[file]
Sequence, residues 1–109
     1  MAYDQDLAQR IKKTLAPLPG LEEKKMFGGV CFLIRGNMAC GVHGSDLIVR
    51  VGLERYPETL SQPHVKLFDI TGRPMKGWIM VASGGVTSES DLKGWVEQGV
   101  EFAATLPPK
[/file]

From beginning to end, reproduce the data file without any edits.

Sequence, residues 1–109
     1  MAYDQDLAQR IKKTLAPLPG LEEKKMFGGV CFLIRGNMAC GVHGSDLIVR
    51  VGLERYPETL SQPHVKLFDI TGRPMKGWIM VASGGVTSES DLKGWVEQGV
   101  EFAATLPPK